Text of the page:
Two-tone watches Two-tone, setting the tone
Two-tone watches are pushing the boundaries. The two classic combinations of yellow-and-white, and yellow-and-pink are giving way to new, more retro and more masculine pairings.
If you’re not into two-tone watches, it’s easy to dismiss them as belonging to one of two categories. First, there are the watches made for Chinese clients, who go mad for gold/steel combos. And then there are the watches for women who want gold, but don’t want to pay too much, and don’t particularly care if it’s not the only metal. While both these markets exist, they are not the only ones. The worldwide success of two-tone watches was built upon the appetite of US customers in the 1980s and 90s which, given that this market was both predominantly male and rich, proves that they can be both macho and pricey.
Two-tone watches are now reaching for new modes of expression. In these more horological, more masculine, sometimes more technical and also more extravagant iterations, they are targeting a wider public that is not afraid of clichés. It begins with small details, such as gold accents on a steel watch – a decidedly on-trend vintage look – like the hands and dial markings on the Seiko 1968 Diver’s Re-Creation. The growing demand for bronze has also changed perceptions of golden hues and how they can be used. Oris produces a version of its Divers Sixty-Five with a discreet bronze bezel on a steel case, which also has a vintage feel.
Santos de Cartier © Cartier
Superstar watches have a different approach again. These highly visible models by powerful brands tend to be produced in dozens of variations, and gold and steel are naturally on the menu. This is what you would expect for, say, a Panthère by Cartier. But Cartier has extended the treatment to its Santos. Given that the model was a favourite child of the 1980s, it is a logical candidate. The same applies to Bulgari’s Octo, which features steel and rose gold links down the entire length of the bracelet, a clear indication that economy is not part of its raison d’être.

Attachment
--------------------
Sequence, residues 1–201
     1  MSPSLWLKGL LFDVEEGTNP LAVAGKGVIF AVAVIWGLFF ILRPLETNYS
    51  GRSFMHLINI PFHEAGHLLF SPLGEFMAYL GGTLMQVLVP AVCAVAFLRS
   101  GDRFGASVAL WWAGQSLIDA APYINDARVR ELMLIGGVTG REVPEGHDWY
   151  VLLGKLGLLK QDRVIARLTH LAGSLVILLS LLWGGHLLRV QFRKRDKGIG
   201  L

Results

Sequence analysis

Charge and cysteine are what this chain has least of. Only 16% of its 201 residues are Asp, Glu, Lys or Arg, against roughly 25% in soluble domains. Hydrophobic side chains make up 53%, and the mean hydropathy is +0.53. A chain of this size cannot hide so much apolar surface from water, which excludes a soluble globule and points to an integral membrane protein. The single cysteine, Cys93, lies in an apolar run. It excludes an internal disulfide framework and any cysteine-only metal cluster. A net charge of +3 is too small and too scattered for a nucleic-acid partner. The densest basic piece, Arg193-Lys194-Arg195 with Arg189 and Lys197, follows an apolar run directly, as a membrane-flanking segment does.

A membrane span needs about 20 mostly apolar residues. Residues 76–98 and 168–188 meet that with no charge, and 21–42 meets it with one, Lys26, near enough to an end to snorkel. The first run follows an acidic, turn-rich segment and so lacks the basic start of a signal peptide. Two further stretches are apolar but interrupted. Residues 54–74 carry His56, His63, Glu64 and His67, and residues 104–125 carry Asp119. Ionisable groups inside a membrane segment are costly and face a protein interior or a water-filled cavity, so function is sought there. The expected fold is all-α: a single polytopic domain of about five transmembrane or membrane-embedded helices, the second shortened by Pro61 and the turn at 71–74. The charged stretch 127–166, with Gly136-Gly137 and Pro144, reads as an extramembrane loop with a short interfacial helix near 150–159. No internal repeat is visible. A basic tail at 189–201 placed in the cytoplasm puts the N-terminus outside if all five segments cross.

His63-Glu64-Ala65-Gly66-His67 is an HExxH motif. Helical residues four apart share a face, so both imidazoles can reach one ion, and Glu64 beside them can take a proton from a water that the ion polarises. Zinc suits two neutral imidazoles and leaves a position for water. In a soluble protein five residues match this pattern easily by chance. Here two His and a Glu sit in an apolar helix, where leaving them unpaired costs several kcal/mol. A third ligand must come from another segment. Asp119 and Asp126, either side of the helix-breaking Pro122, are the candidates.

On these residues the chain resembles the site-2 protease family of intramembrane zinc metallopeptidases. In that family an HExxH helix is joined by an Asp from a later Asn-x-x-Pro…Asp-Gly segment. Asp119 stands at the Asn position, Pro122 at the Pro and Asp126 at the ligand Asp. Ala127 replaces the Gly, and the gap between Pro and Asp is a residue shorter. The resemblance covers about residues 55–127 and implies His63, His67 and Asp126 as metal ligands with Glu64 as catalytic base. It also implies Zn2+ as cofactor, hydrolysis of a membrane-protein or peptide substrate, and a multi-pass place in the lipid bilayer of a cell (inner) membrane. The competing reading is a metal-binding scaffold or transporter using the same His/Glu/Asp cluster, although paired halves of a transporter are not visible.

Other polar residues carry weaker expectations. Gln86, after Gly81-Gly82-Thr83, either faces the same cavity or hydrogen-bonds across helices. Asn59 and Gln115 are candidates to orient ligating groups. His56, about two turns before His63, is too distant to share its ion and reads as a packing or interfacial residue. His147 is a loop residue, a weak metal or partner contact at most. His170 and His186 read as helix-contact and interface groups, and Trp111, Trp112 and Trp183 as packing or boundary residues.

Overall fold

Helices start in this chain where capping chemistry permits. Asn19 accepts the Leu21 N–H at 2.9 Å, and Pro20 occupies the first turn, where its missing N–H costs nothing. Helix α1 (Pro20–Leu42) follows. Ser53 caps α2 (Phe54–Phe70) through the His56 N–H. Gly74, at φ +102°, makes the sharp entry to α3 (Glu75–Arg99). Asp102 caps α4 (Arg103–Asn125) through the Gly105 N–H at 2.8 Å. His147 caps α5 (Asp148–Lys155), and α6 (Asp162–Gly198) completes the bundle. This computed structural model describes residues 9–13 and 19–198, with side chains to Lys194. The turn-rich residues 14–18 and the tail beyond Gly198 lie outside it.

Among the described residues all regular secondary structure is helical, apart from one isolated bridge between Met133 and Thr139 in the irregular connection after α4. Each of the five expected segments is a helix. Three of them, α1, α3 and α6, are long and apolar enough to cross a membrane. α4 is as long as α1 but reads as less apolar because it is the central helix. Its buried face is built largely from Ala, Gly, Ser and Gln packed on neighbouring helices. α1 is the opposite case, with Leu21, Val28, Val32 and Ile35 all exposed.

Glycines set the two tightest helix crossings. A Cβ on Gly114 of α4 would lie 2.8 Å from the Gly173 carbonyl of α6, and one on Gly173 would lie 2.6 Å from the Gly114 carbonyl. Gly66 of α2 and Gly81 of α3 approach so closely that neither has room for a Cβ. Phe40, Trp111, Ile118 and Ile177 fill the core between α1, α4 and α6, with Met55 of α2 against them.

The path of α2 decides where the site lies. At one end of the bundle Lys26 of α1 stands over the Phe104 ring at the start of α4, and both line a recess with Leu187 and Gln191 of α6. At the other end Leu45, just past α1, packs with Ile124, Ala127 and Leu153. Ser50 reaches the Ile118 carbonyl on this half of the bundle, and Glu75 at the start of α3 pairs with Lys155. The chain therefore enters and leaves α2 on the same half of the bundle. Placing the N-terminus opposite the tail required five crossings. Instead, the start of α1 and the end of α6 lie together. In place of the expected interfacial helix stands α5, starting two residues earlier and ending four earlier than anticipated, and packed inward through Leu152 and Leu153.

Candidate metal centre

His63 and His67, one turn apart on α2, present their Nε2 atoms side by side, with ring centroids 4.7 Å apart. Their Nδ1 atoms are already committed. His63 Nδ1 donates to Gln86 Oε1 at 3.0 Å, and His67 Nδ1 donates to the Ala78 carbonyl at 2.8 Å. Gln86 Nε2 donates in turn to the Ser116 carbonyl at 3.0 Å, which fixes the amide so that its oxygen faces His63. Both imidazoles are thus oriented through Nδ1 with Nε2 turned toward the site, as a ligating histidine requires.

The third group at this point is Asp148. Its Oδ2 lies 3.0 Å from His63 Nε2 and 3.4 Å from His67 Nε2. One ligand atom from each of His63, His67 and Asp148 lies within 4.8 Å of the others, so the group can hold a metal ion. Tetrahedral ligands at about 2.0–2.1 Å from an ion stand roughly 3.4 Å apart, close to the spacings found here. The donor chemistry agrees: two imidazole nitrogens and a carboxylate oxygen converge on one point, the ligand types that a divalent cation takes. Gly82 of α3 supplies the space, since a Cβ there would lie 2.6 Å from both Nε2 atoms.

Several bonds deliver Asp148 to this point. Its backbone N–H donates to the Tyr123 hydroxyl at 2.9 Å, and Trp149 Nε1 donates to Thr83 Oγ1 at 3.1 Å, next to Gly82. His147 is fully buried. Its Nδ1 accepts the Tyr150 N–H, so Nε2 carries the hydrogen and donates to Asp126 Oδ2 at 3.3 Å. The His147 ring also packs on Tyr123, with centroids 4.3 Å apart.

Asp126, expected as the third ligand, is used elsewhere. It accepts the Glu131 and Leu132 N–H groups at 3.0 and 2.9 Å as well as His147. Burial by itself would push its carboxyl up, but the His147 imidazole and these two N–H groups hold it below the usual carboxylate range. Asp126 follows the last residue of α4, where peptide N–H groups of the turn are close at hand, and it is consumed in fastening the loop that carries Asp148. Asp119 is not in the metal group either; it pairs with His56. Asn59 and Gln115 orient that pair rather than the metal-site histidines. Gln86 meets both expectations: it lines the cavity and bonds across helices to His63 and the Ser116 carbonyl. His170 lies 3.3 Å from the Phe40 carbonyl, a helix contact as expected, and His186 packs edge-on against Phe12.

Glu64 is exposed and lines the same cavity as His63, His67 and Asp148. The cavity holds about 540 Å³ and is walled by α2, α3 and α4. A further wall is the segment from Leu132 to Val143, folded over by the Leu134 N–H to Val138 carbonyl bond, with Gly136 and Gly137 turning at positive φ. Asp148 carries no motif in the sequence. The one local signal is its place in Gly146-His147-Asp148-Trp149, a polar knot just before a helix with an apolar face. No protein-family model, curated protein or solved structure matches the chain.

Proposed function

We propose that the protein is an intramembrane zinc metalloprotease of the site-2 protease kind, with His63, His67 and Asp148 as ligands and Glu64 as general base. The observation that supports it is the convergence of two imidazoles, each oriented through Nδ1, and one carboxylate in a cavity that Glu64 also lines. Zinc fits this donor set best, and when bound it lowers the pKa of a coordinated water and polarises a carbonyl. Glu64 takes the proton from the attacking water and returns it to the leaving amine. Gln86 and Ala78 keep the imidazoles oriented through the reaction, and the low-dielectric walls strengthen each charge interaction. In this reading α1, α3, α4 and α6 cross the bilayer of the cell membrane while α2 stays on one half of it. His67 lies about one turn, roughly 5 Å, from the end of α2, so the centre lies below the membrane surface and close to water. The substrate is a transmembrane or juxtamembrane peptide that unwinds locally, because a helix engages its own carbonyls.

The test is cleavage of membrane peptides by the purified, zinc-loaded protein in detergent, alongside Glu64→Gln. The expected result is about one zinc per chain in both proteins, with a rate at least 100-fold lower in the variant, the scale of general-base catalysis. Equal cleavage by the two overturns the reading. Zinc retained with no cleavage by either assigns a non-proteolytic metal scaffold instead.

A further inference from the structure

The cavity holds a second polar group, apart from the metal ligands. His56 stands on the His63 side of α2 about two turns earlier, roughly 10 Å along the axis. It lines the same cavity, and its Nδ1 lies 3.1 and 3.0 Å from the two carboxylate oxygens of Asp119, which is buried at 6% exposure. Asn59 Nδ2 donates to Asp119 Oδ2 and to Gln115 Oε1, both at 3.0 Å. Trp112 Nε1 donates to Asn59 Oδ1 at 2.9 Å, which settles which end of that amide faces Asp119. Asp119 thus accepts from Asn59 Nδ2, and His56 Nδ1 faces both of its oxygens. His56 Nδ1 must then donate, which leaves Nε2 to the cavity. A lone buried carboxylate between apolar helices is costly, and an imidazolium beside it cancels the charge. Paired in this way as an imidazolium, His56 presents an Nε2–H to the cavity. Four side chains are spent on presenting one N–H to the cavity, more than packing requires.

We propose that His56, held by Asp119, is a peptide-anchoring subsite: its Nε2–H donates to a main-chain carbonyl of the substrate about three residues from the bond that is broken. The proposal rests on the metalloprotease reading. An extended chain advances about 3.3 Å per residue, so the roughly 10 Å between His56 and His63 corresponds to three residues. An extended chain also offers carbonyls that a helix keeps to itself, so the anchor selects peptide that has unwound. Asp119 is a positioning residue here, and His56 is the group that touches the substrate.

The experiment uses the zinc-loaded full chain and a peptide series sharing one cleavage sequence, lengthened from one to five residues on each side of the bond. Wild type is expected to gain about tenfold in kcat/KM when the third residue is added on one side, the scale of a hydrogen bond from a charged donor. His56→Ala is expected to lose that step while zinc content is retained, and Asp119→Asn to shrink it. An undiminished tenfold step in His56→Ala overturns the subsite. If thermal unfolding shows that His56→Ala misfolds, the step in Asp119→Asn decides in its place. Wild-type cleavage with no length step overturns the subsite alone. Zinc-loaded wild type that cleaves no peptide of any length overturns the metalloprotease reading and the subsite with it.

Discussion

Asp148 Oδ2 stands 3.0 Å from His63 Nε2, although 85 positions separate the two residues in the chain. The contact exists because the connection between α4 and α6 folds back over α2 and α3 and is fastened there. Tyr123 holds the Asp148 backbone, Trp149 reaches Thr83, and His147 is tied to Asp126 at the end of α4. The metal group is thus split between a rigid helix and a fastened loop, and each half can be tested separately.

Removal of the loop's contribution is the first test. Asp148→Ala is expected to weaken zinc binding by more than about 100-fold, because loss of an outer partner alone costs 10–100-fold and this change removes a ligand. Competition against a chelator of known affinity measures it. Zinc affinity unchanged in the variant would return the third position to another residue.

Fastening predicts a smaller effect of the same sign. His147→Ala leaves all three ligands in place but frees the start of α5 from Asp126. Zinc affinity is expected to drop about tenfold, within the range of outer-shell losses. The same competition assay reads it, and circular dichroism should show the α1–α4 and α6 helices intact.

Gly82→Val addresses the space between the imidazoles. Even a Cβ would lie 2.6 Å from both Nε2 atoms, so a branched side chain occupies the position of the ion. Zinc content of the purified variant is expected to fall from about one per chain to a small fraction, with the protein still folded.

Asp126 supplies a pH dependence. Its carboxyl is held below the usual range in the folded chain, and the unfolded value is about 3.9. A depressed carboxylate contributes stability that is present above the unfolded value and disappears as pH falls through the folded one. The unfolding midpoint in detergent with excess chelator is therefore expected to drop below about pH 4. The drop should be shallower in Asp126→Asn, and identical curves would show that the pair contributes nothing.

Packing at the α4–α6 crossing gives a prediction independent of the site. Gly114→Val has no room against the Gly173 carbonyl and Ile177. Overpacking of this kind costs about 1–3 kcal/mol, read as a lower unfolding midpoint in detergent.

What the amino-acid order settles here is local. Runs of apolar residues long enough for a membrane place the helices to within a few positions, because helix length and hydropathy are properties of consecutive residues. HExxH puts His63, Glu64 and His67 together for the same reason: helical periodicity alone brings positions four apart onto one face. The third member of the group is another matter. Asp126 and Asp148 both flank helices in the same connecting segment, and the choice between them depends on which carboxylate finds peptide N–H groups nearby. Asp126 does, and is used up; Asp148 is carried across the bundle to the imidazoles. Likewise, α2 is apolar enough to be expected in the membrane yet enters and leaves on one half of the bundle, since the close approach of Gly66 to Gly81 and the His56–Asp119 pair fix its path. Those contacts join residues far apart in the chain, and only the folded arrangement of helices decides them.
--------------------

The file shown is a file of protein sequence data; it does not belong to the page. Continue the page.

Bulgari Octo © WorldTempus / David Chokron
Then there are the unapologetic, classic two-tone models. Longines, with its commercial centre of gravity closer to Asia, is something of a specialist. The Record has a two-tone variant which, with this model’s international reach, hints at expanded ambitions for the colour combination. This year, Chopard’s Mille Miglia comes in a Racing Edition with bezel, pushers and crown in rose gold, paired with a carbon dial – a first.
Longines Record and Chopard Mille Miglia 2018 Race Edition © Longines/Chopard
And finally, some watches defy the historical definition of two-tone. Although traditionally centred around white and yellow, and more recently, white and pink, the range of colour combinations has expanded considerably. The development of more technical watches, often in black cases, that play around with a wide variety of colours, has created a new sense of chromatic freedom. Richard Mille has its Quartz TPT, a material it can tint to whatever hue is desired, and which can be combined with Carbon TPT to create unique colour combinations like the black and orange of the RM11-03 McLaren, which is just one of countless examples.
RM11-03 McLaren © Richard Mille
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